Paul said...

I’m a Bangkok blogger at the hotel where Carradine died. My blog is

The announcer for the BBC breaks the story on TV. David Carradine was found dead in the Swiss Hotel on Soi Nailert. The film star was found in the closet of his room bound by curtain rope around his neck, and the inference is that his genitals were bound as well. The news ran through the Bangkok film colony like a forest fire.

I consult investigative journalist David Walker. He is also a screenwriter and author of the cult classic book, Hello My Big Big Honey. Walker is at the hotel. He has already led a CBS crew to legendary film producer-director David Winters penthouse office. Winters is a dear friend of Carradine from their glory days in Hollywood. Walker wants to see the surveilance tapes. No chance Bagger Vance. Dr. Pornthip, a colorful Thai forensic scientist is on the scene at the hotel. Walker says Pornthip, who is famous for sporting many hued punk hair styles and is a bit of a celebrity,delares the case to be death by auto sexual strangulation.

I roll up to Winters penthouse office. He is devastated by the tragic loss of a dear friend. He has not slept. CBS and People Magazine have already come by to solicit intelligence. David is shocked by the tawdry inferrences. He has spoken to 3 of Carradines agents. The agents declare that Carradine was on the roll of a lifetime. Quentin Tarantino redefined the 72 year old actor in Kill Bill. Carradine recieved a Golden Globe nomination for his work with Tarantino. The actor of the classic cult TV series Kung Fu had starred in 13 motion pictures since Kill Bill. His salary was in the stratosphere.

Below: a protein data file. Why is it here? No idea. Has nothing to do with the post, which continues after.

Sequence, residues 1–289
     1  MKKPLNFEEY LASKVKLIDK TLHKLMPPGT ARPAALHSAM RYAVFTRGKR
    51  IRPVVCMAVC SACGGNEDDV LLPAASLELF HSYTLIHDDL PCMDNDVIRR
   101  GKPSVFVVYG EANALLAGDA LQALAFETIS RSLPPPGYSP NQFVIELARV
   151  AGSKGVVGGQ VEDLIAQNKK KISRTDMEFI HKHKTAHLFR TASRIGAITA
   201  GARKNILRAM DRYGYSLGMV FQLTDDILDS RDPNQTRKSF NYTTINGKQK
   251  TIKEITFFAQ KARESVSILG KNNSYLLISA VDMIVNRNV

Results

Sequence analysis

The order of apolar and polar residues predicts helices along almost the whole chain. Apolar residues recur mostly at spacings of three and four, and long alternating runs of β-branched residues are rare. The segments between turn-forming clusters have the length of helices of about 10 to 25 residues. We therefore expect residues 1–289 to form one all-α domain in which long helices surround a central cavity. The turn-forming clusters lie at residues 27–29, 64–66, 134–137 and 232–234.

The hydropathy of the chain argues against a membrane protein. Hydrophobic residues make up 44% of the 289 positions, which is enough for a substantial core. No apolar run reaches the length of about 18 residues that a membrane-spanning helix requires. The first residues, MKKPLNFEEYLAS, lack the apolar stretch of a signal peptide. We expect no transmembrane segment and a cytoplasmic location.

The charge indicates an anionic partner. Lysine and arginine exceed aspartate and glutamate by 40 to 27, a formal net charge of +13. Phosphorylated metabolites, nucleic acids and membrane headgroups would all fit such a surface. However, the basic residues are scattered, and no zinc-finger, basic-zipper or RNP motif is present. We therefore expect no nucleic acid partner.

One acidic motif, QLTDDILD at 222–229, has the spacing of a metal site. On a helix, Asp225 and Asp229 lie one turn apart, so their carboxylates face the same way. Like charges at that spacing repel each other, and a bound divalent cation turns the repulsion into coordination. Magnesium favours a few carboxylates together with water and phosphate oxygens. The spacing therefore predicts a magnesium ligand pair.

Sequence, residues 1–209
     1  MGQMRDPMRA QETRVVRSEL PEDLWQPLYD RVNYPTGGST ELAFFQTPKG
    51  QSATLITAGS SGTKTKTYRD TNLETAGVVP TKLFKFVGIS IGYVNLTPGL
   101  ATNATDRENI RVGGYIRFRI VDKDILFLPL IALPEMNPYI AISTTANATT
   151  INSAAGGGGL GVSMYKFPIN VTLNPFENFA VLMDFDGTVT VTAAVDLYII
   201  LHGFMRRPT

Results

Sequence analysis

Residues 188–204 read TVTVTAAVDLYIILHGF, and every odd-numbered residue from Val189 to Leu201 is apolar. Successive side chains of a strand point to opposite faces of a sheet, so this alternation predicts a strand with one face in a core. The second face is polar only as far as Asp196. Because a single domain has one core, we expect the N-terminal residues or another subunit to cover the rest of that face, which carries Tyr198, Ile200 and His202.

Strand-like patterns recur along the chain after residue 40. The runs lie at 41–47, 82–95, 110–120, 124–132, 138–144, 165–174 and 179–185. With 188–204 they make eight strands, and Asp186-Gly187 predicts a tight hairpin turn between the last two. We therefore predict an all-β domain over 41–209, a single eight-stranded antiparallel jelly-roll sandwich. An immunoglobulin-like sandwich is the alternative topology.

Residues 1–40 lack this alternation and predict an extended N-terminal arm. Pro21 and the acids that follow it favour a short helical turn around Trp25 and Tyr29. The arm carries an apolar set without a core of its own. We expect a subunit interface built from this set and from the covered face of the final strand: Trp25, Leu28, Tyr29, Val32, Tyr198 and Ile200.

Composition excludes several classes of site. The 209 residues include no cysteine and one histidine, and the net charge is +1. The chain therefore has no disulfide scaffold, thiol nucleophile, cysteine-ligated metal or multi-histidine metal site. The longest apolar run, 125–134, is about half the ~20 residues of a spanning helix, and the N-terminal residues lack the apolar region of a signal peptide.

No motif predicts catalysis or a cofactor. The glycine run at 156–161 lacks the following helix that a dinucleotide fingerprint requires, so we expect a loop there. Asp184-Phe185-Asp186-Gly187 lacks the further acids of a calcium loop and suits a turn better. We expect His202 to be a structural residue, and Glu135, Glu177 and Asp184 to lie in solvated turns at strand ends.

The strange circumstances of the verdict by auto- sexual strangulation trouble Winters. It takes two to tango. Why indeed would a man of his talent take his own life alone. Bangkok is known as a city with love for sale. Film people come here to shoot and avail themselves of the pleasures to be found in the gilded city of sin. Kinky sex is no big deal. Could this be a coverup for a sex robbery murder. The Royal Thai Police have shut the door on this case all too quickly. The tourist industry has been severely damaged by the recession and political instability. The murder of a famous film star would be a final nail in the coffin of the tourism industry. Winters says that Carradine, son of John , iconic members of an American cinema dynasty were above the fray. David Carradine was according to Winters a consumate gentleman, a brilliant actor, and a man for all seasons.